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9 Reasons Disney Cruise Line Ships Are Great for Adults

While there are literally hundreds of children on every sailing, there are also plenty of ways to get peace and quiet, even when the ship is at sea.

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The adults-only pool

Not only do Disney Cruise Line ships have a swimming pool and splash park, but they have multiple pools—and one is a serene adults-only area, with a “No kids allowed” policy and an age minimum of 18. Unlike the main pool (which, on sunny sea days, is often wall-to-wall kids) this one—called Quiet Cove—has a swim-up bar and coffee shop called Cove Cafe. Quiet Cove is on all four of the line’s ships. Read up on what travel experts wish you knew about booking a cruise.

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Fine dining

The cruise line’s two adults-only restaurants are excellent. Remy, a formal French restaurant located on Disney Dream and Disney Fantasy, is named after the star of Ratatouille, and it’s the best restaurant in the fleet and one of the best French restaurants at sea.

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Brunch with bubbly

In addition to elegant dinners, Remy also offers a sea day Champagne brunch and private dinners in the wine room. Palo, the line’s Venetian-style Italian restaurant, is on all four ships and also offers a sea day brunch and cooking classes. These are the secrets Disney cruise line employees won’t tell you.

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Boozy tastings

Along with traditional wine tastings you can sign up for on the ships, Disney also offers tastings of beer, Champagne, bourbon, cognac, tequila, whiskey, and even Amari. There are also mixology classes and martini and mojito events. Chocoholics will also want to look out for their chocolate and liquor pairing course.

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Serenity Bay at Castaway Cay

The adults-only beach on Disney’s private Bahamian island is a quiet oasis from the boisterous inner tube-filled family beach. Not only is the beach tranquil, but there are also cabanas for rent and massages for sale as well. Afraid you’re not going to be able to slip away and check it out? The kids’ club on the island, called Scuttle Cove, is supervised by counselors. Check out these things that are worth the extra money on Disney cruise lines.

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“Dine and Play” Program

Want to have a family meal, but still keep everyone happy? The “Dine and Play” program is just the answer. You have dinner with your kids during the second seating, but the little ones’ meals are expedited so they come out with your appetizers. Then, 45 minutes into the meal, counselors come in to pick them up and bring them back to the club. They get to go play, and you get to finish your dinner in peace. Best of all, you can even have dessert and a nightcap before picking them up.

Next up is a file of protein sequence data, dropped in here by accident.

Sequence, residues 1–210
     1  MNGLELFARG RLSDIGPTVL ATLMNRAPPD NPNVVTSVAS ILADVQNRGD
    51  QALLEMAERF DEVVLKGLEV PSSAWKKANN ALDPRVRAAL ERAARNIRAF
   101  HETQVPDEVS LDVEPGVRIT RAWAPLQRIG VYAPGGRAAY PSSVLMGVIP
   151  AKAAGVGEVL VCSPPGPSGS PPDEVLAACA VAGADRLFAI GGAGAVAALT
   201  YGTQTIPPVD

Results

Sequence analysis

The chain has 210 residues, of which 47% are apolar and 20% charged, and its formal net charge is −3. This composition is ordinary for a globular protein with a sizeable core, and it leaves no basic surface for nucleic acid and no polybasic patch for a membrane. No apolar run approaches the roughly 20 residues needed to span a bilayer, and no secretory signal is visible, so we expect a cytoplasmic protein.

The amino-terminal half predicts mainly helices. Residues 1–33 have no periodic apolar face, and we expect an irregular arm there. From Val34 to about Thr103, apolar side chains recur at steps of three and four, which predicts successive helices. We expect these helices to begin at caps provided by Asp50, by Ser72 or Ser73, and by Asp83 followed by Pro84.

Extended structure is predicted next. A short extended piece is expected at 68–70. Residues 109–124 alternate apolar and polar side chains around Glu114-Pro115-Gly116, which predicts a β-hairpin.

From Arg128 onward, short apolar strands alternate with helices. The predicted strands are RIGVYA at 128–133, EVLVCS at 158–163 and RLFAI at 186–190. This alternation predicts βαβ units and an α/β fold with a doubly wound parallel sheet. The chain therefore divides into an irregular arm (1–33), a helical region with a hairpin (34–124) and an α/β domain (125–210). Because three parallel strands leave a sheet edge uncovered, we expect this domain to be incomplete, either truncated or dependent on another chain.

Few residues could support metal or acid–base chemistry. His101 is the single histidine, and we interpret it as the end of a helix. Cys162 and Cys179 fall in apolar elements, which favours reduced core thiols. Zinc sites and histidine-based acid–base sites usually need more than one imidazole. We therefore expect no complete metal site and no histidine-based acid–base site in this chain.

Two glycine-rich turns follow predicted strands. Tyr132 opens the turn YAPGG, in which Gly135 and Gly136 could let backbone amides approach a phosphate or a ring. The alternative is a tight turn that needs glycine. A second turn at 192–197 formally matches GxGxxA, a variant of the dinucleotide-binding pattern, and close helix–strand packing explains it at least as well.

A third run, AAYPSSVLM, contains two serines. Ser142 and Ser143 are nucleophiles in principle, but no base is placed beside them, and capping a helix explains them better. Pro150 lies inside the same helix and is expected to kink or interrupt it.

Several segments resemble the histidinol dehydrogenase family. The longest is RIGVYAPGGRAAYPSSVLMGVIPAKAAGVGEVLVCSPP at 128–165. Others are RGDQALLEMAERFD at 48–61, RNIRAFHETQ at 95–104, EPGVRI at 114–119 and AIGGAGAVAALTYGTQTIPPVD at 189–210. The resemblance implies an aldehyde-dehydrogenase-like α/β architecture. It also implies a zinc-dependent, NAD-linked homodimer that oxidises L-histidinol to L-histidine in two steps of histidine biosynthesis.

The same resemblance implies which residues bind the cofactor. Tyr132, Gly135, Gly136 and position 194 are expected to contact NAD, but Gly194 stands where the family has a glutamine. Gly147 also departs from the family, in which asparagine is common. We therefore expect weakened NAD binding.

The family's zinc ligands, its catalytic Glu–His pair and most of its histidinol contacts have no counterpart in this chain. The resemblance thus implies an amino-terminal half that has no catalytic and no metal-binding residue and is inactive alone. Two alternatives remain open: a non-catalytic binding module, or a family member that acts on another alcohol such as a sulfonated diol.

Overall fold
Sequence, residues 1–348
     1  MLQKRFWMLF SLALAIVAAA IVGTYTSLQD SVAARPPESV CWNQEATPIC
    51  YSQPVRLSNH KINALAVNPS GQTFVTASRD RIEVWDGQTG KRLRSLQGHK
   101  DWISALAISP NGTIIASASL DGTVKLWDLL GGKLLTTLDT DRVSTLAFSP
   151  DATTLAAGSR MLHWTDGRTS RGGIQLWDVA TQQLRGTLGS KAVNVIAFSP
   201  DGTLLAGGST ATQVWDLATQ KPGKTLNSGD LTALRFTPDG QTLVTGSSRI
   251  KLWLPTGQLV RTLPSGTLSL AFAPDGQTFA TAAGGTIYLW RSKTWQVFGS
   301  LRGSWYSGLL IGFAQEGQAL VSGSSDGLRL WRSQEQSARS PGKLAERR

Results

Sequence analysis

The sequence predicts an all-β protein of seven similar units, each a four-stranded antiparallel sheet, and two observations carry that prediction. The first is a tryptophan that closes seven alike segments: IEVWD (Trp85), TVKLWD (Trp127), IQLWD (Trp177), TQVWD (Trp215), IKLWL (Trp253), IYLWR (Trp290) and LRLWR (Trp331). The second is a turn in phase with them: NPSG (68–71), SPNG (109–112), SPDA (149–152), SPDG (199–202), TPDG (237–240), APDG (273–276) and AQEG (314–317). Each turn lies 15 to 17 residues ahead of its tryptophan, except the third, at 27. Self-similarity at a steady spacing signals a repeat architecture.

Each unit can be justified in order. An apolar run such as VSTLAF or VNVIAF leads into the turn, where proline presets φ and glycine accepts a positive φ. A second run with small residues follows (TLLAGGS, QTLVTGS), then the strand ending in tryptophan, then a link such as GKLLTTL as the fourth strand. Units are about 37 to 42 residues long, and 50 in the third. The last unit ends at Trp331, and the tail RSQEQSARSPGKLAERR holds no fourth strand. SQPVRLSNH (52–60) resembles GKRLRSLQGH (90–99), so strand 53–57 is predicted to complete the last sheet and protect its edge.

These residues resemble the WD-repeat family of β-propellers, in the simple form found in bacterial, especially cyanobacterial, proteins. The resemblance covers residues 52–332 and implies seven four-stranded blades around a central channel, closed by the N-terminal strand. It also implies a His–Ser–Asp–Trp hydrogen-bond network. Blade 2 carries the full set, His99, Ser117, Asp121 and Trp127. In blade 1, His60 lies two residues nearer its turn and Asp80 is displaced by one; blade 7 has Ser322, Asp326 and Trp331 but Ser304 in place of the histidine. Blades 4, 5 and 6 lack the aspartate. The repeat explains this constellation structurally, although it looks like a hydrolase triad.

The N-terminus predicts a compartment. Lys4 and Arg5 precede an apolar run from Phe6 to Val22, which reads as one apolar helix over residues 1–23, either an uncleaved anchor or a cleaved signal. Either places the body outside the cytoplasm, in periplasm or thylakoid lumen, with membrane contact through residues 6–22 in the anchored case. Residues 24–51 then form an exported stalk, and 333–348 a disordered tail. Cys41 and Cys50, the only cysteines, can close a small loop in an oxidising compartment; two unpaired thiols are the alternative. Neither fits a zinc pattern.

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All four of the Disney ships are designed for evening entertainment, with clustered bars, nightclubs, and lounges offering varied experiences. Look for everything from pubs to Champagne bars and sophisticated cocktail lounges. Check out the world’s bested themed cruises that you’ll want to book ASAP.

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Senses Spa

The spa is the perfect sea day escape from a crowded pool deck full of kids and a bustling chicken finger-filled buffet line. Best of all, there are spa villas for couples and a separate teen/tween area so that older kids are entertained but in their own space.

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The ships’ stage shows may sound like they’re designed just for kids, but the quality is so high on some of them that they’re just as much of a joy to watch for adults. Case in point: Frozen: A Musical Spectacular is a brilliant production, with fabulous special effects that would wow even those used to Broadway performances. Next, check out the secrets cruise lines don’t want you to know.

Sherri Eisenberg
Sherri Eisenberg is an award-winning glossy print veteran for top travel, bridal. food, and lifestyle magazines who is equally deft with digital, social, mobile, and branded content. She has written for Condé Nast Traveler, National Geographic Traveler, and Bon Appétit, and has served as cruise editor for Travel and Leisure and Travel Holiday as well as and She has also been a columnist for The Los Angeles Times and, as senior travel editor of Condé Nast's Brides, she won the Lowell Thomas Gold Award for best travel coverage in a non-travel magazine. Sherri is the author of "The Food Lovers Guide to Brooklyn," which was published by Globe Pequot Press in 2010 and covered by everyone from The New York Times to Time magazine. She keeps a bag packed at all times and has no plants or pets so she can hop on a plane — or a ship — at a moment's notice.